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As a society we have been spoiled by an era of group health, low deductibles and co-pays.  The First thing that we need to remember when we have a group health plan, our company is paying for a portion of it, usually at least half of the employees plan.  This gives us the perception that it costs us less than it really does.

One thing that we do know is that costs go up.  One thing you should look at when buying a health insurance plan, kind of really like buying anything, is how will I use it?  Do I see a doctor often?  Do I even need coverage for that benefit?  What am I trying to protect?

I say this because if you think about it, group health plans are more coverage than you really need.  How many times have you been hospitalized in the last ten years?   People are always looking for the best value.  On group health plans, you often have a lower deductible than on the individual side of things.  Again the company is paying part of the premium so you are “sharing the expense” so you can have more benefits in the plan.  The higher the deductible, the lower the premium you will have.  I was reading an article today online that was reported by CNN that 26% of Americans went without insurance during 2011.  Of those 69 % were without health insurance for a year or more due to being unemployed and the cost of individual was too expensive.

Here is the first problem with that statement.  We have become dependent on or companies to insure us.  I do not know why that is the case.  Our companies do not insure our homes or our personal automobiles, why do we depend on them for our health insurance.  Have you ever stayed with a job that you hated because they had great health insurance benefits?  You probably have.  This is what I refer to as job-lock.  You are locked into your job for benefits.  If you purchase your health insurance on the individual market, you are never locked into your job.

Now think back about 15 years (those of you who were old enough to own a home 15 years ago).  Your homeowners insurance deductible was probably no higher than $250 maybe $100.  How many of you now have less than $500?  Most of my clients now carry $1000 or more on their home.  Is it reasonable to think that health insurance deductible would be on the rise as well?  Now let’s think about this for a minute.  Your homeowners insurance does not cover maintenance on your home, and your auto insurance does not cover maintenance on your auto, I bet you still get your oil changed every 3000 miles or so though.  Now let’s examine this a little closer.  We will use $30 for an oil change as the example (I paid $44.95 last week).  I will also say the average person drives 15,000 miles per year.  Obviously, some travel more and some travel less.  With those numbers that would equate to having 5 oil changes done per year at $30 each or $150 per year.  We never complain that our auto insurance does not cover it, we just pay it.  Yet, an annual physical for our bodies is around $250 (again depending on what you have done and where you have it done).  I can afford that, I do not need my insurance to pay that. Sure it would be nice, but I would rather save on the monthly premium than have that covered.  Under the new health care law (currently under review by the US SUPREME COURT), one of the things that is mandatory is that preventative care be covered at 100%.  The proponents of the law say you get free preventative care, they do not tell you that there is an added premium for that.  I use the analogy if there was a law that said you could no longer buy a plain cheese pizza. You had to buy a one topping minimum. You would still have to pay for the one topping.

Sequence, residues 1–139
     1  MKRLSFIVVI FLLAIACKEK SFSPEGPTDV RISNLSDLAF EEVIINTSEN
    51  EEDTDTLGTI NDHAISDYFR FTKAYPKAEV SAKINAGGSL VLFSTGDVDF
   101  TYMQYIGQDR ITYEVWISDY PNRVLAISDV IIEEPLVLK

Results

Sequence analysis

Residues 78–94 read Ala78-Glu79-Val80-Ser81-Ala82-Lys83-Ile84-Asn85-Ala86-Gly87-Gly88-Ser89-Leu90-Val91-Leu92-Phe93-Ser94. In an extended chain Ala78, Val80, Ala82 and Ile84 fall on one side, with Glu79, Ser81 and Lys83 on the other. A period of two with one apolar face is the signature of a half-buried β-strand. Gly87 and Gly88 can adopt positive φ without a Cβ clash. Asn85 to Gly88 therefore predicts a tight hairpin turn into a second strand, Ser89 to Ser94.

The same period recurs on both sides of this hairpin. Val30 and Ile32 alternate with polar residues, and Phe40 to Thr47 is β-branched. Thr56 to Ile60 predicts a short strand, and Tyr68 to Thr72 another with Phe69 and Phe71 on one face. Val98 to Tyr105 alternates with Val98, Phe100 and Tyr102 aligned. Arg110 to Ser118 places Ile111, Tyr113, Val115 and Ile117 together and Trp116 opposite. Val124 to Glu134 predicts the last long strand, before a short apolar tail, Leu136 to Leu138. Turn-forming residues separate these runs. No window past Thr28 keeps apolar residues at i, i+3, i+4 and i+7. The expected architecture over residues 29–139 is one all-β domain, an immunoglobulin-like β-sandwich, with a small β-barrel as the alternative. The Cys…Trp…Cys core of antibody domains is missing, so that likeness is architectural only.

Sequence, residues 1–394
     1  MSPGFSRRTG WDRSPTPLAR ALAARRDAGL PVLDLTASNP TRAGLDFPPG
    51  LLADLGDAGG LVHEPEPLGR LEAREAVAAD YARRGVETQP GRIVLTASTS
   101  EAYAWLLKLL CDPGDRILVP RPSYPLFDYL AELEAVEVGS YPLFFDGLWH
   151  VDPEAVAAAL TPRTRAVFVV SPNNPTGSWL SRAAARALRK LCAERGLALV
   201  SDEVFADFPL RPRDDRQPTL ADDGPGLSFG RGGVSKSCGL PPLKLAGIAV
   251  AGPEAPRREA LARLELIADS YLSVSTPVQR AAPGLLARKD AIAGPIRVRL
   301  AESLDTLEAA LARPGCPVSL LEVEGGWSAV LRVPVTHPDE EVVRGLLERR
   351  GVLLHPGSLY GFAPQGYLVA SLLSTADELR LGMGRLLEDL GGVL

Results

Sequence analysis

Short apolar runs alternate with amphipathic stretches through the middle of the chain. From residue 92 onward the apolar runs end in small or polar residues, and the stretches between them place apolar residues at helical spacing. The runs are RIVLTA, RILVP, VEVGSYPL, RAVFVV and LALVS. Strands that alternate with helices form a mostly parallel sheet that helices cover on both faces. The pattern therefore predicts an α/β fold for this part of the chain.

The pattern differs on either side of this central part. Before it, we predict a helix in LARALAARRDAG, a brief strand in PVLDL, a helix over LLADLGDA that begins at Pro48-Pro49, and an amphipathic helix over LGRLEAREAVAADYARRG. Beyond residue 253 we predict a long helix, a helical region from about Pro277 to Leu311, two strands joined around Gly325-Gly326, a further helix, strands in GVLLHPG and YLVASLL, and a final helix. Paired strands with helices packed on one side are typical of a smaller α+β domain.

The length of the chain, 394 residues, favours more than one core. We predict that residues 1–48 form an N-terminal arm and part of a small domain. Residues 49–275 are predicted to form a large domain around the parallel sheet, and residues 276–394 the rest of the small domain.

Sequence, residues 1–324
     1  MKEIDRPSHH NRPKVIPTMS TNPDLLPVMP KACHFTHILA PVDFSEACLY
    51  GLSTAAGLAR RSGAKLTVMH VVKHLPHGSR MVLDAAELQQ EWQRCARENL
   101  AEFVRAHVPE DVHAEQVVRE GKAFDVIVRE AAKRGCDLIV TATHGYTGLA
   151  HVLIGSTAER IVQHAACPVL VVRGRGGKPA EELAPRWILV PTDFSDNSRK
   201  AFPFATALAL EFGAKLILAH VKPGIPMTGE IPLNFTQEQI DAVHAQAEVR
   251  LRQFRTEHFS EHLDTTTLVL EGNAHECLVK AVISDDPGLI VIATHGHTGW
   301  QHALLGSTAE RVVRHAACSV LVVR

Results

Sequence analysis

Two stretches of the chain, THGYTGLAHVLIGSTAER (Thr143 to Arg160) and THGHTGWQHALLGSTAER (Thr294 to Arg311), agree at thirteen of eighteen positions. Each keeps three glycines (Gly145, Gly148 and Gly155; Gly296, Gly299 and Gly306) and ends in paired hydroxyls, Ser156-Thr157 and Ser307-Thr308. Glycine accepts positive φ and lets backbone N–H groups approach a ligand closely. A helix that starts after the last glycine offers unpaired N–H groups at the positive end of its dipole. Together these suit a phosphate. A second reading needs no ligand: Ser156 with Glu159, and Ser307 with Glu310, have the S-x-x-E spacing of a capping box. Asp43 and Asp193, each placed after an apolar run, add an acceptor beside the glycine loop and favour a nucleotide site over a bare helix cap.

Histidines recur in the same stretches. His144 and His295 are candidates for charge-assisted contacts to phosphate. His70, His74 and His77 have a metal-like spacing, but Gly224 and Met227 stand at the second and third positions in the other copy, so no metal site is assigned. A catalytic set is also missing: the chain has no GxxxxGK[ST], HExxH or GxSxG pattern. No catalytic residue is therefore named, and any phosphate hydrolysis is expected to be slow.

I am not opposed to an insurance company offering preventative care as a benefit to the plan, I just do not know if you need to have it as part of the plan.  Maybe make it like your car insurance again, you can add say towing insurance to the plan, but you do not have to.

It is very common now on the individual market to have a $2500 or a $5000 deductible. Do not have a sticker shock when you see that.  Again, if you end up with a $100,000 or $250,000 medical bill, $5000 is a small amount to pay (there often times will be some co-insurance as well).  My point is insurance does not have to be expensive, if you design it right.  I am self-employed and pay for my own insurance.  My premium for myself and my two kids is $279 per month.  I have a $5000 deductible.  If my kids have to go to the doctor, that visit applies to the deductible so I usually do not hit the deductible.  I am ok with that.  Someday as I get older, or my kids get more involved with sports, I will hit the deductible, I will be prepared as I have saved that money in my health savings account.  Be prepared.  THANKS for reading!

Eric Wilson is an insurance broker in Chicago.  He can be reached toll free at 888-448-5370 or online at www.isellhealth.com